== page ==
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A ditty on the fiddle

To see Olive Dauphinee of Dartmouth, Nova Scotia, walking on the treadmill every morning and every afternoon, you’d never guess that the 90-year-old had broken her hip just over a year ago. It happened in her own kitchen at home, when her hip, weakened from osteoporosis, simply collapsed beneath her.

Until then, the Dauphinees had no intention of ever leaving their beloved two-storey home, but when Olive left the hospital with a walker seven weeks later, stairs had suddenly become out of the question. The couple had to move.

“It was a little rough leaving the nice home we’d lived in for 55 years,” acknowledges her husband, Edgil, 89. “But there comes a time when you have to make the move.” They didn’t know the first thing about retirement homes, but a neighbour recommended Parkland at the Lakes. When the Dauphinees visited the recently constructed facility, they realized that all they would really be giving up was the bother of daily chores. They could still maintain their active lifestyles, coming and going as they pleased. Edgil, who’s in excellent health and still drives, was delighted that he could keep his car, which he takes to appointments and church. And Olive was reassured by the daily presence of nursing staff, along with monthly blood pressure checks and weigh-ins. As she says, “The food is so good here that we have to be careful we don’t eat too much.”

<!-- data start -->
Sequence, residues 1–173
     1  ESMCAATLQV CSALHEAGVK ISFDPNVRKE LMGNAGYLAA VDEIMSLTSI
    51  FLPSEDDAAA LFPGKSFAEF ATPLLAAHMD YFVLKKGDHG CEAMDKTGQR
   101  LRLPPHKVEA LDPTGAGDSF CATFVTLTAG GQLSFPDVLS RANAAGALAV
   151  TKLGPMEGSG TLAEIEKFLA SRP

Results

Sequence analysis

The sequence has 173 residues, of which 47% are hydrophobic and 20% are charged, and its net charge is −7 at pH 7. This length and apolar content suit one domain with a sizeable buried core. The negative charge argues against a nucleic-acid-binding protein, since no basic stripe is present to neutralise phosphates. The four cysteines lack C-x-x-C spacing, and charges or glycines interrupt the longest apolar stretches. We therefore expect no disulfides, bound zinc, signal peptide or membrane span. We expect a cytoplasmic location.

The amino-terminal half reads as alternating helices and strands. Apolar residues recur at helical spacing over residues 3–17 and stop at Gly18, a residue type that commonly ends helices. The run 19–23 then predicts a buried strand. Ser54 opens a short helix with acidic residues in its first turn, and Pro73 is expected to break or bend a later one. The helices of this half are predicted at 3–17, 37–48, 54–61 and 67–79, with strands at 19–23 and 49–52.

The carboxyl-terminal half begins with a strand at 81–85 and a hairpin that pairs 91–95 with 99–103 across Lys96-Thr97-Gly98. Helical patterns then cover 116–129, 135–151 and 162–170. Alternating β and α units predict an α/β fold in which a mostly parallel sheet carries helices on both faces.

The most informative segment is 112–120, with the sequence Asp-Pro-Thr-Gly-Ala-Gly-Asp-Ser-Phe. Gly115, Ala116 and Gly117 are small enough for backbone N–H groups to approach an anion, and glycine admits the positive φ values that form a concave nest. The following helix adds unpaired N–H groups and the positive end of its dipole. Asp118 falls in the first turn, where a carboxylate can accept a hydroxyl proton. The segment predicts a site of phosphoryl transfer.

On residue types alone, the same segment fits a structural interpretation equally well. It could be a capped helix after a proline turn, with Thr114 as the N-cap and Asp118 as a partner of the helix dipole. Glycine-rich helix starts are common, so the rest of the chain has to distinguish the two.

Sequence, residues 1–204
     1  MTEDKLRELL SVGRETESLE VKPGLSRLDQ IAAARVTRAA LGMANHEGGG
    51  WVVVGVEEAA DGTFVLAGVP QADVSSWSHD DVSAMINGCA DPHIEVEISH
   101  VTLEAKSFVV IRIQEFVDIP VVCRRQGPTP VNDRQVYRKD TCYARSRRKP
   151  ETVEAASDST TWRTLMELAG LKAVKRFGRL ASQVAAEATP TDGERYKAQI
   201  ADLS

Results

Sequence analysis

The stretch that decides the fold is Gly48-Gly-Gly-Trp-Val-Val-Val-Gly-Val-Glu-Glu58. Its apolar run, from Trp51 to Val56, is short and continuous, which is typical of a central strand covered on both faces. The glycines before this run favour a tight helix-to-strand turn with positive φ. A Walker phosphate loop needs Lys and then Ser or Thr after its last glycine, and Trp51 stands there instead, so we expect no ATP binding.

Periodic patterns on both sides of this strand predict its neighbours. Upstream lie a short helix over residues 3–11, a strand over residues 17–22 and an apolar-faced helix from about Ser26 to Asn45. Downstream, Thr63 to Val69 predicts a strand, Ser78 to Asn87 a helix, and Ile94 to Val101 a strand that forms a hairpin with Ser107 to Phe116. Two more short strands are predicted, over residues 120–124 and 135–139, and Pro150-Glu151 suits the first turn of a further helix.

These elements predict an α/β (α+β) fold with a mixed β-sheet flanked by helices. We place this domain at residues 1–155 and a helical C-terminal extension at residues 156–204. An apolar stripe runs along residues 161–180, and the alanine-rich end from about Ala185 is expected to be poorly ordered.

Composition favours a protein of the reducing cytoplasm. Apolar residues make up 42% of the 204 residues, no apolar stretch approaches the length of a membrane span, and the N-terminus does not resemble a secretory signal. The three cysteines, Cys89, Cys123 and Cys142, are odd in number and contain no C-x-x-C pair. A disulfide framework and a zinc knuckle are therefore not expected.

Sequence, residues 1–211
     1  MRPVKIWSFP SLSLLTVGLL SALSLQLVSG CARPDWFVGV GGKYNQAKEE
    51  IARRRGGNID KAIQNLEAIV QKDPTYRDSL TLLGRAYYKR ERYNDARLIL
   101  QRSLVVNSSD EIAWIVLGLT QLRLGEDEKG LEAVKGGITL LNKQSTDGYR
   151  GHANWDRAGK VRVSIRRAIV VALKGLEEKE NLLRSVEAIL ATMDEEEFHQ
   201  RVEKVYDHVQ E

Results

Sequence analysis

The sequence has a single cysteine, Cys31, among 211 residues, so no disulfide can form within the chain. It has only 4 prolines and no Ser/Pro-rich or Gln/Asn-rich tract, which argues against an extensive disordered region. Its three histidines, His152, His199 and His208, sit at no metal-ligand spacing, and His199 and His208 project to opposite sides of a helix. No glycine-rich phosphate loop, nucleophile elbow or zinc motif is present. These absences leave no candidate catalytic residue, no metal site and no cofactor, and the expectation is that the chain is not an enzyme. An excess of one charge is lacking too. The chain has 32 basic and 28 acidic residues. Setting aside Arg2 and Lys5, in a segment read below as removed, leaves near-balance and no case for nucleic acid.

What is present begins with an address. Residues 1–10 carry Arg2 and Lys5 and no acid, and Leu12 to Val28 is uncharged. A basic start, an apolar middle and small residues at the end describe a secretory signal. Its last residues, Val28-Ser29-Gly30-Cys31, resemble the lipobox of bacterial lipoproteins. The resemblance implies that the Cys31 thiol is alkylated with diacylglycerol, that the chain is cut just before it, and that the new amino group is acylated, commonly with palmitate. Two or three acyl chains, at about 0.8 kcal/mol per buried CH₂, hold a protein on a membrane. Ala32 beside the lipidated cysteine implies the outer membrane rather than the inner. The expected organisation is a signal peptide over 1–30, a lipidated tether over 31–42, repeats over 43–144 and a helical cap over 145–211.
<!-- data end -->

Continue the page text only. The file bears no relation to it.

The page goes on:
Having lived at Parkland just over a year, the Dauphinees are now fixtures in the community. The monthly wine-and-cheese parties feature Edgil and his old-time fiddle band, as he and some of his musician buddies serve up toe-tapping waltzes. During the winter, Edgil goes out early to clear the snow off fellow residents’ cars. “I’ve always liked to keep busy,” shrugs the former bush pilot. “I can’t stand to sit around too long—I have to get up and go!” Regardless of the weather, he walks two or three kilometres every morning and often takes part in Parkland’s exercise class.

Olive loves the social life at Parkland. “Everybody’s your friend,” she says. “We’re just one big family here.”







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